Flush Your SystemLet the water run from the tap before using it for drinking or cooking any time the water in a faucet has gone unused for more than six hours. The longer water resides in your home's plumbing the more lead it may contain. Flushing the tap means running the cold water faucet until the water gets noticeably colder, usually about 15-30 seconds.
Homes with lead service lines to the water main may have to flush the water for a longer time, perhaps one minute. All known lead service lines in East Longmeadow have been replaced. If you are aware that your house has a lead service line to the water main, please contact your town water provider for more information.
Although toilet flushing or showering flushes water through a portion of your home's plumbing system, you still need to flush the water in each faucet before using it for drinking or cooking. Flushing tap water is a simple and inexpensive measure you can take to protect your family's health. It usually uses less than one or two gallons of water and costs between 15 cents and 30 cents per month.
To conserve water, fill a couple of bottles for drinking water after flushing the tap, and whenever possible use the first flush water to wash the dishes or water the plants. If you live in a high-rise building, letting the water flow before using it may not work to lessen your risk from lead. The plumbing systems have more, and sometimes larger pipes than smaller buildings. Ask your landlord for help in locating the source of the lead and for advice on reducing the lead level.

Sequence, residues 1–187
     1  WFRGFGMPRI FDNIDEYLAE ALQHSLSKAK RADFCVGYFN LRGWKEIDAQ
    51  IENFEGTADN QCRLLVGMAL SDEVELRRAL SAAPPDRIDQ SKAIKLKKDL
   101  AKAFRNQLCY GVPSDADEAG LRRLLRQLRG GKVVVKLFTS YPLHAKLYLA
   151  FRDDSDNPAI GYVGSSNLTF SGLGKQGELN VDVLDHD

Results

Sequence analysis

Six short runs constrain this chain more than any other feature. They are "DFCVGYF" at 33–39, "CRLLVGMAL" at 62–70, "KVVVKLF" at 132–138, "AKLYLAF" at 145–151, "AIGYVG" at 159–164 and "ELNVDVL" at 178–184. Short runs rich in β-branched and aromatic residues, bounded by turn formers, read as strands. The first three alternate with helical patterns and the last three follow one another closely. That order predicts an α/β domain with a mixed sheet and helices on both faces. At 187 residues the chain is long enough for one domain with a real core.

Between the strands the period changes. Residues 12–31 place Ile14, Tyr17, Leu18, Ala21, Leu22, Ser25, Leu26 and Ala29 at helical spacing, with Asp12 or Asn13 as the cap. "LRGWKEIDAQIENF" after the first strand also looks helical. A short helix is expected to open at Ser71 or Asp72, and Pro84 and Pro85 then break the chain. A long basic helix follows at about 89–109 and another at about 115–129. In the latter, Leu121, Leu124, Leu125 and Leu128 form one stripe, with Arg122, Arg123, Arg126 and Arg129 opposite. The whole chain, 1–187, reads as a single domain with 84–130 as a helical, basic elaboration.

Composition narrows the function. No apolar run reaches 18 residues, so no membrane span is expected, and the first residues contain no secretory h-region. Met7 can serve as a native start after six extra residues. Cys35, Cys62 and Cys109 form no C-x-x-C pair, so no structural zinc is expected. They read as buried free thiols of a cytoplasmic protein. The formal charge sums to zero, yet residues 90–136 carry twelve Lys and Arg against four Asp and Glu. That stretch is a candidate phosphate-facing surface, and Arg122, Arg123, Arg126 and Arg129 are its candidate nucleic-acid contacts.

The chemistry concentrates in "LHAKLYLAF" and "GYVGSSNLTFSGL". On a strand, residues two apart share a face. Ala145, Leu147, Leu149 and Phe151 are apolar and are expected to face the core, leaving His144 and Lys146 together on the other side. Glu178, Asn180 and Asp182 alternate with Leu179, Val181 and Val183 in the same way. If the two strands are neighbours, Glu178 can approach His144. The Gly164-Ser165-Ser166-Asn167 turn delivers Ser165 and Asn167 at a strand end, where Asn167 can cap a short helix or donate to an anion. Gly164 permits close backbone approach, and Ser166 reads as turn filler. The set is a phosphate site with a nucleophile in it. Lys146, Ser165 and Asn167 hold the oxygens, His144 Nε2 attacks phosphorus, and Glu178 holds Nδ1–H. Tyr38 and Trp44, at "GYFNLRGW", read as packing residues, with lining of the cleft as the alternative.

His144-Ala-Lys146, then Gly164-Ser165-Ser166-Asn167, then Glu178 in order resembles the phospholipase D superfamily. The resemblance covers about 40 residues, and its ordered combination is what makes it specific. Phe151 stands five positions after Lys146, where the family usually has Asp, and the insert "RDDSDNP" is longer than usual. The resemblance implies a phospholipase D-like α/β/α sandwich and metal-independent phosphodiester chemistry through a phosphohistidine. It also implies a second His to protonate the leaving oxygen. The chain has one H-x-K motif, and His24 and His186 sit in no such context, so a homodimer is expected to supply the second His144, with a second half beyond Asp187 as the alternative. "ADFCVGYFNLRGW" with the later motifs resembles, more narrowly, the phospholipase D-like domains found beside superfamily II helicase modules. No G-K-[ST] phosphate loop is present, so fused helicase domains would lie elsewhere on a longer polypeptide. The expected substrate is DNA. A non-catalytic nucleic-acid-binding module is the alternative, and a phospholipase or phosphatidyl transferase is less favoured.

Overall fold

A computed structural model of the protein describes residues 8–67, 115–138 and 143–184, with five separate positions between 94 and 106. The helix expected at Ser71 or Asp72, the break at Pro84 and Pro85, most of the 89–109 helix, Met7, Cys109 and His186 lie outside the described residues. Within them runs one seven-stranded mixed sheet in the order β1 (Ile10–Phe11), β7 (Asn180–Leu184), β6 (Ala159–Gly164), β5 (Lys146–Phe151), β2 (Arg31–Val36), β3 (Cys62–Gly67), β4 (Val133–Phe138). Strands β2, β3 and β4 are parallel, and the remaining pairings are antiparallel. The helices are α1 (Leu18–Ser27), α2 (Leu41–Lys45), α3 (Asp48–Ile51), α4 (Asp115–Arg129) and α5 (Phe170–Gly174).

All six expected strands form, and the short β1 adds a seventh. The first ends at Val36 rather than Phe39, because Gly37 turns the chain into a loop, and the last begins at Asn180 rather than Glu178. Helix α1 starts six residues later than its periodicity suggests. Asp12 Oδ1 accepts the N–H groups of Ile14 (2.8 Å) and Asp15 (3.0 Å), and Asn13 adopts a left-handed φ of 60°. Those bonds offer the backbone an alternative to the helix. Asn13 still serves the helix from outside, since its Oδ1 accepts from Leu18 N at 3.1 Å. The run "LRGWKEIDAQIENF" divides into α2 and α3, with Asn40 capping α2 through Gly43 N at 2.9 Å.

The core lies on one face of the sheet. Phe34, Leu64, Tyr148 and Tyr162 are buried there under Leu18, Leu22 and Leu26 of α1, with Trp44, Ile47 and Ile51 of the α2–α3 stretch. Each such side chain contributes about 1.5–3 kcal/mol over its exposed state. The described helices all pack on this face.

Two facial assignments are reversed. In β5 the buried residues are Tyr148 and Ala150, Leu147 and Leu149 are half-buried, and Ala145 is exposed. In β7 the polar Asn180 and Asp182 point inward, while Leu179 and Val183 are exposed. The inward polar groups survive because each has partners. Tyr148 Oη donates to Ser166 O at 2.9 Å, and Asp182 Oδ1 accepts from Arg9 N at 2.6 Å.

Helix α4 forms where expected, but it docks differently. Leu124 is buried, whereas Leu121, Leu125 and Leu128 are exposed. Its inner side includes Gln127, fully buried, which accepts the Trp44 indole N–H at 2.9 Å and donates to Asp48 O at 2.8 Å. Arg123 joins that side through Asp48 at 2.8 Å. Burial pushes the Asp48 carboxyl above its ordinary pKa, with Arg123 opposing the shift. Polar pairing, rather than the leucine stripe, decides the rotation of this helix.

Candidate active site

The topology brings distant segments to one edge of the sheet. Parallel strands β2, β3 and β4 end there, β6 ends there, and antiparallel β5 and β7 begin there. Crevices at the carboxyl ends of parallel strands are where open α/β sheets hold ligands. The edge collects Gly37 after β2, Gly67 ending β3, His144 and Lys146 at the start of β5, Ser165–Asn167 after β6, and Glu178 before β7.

2. Use only cold water for cooking and drinking - Try not to cook with, or drink water from the hot water tap. Hot water can dissolve more lead more quickly than cold water. If you need hot water, draw water from the cold tap and heat it on the stove.
3. Remove loose lead solder and debris from plumbing - Remove loose lead solder and debris from the plumbing materials installed in newly constructed homes, or homes in which the plumbing has recently been replaced, by removing the faucet strainers from all taps and running the water from three to five minutes. Thereafter, periodically remove the strainers and flush out any debris that has accumulated over time.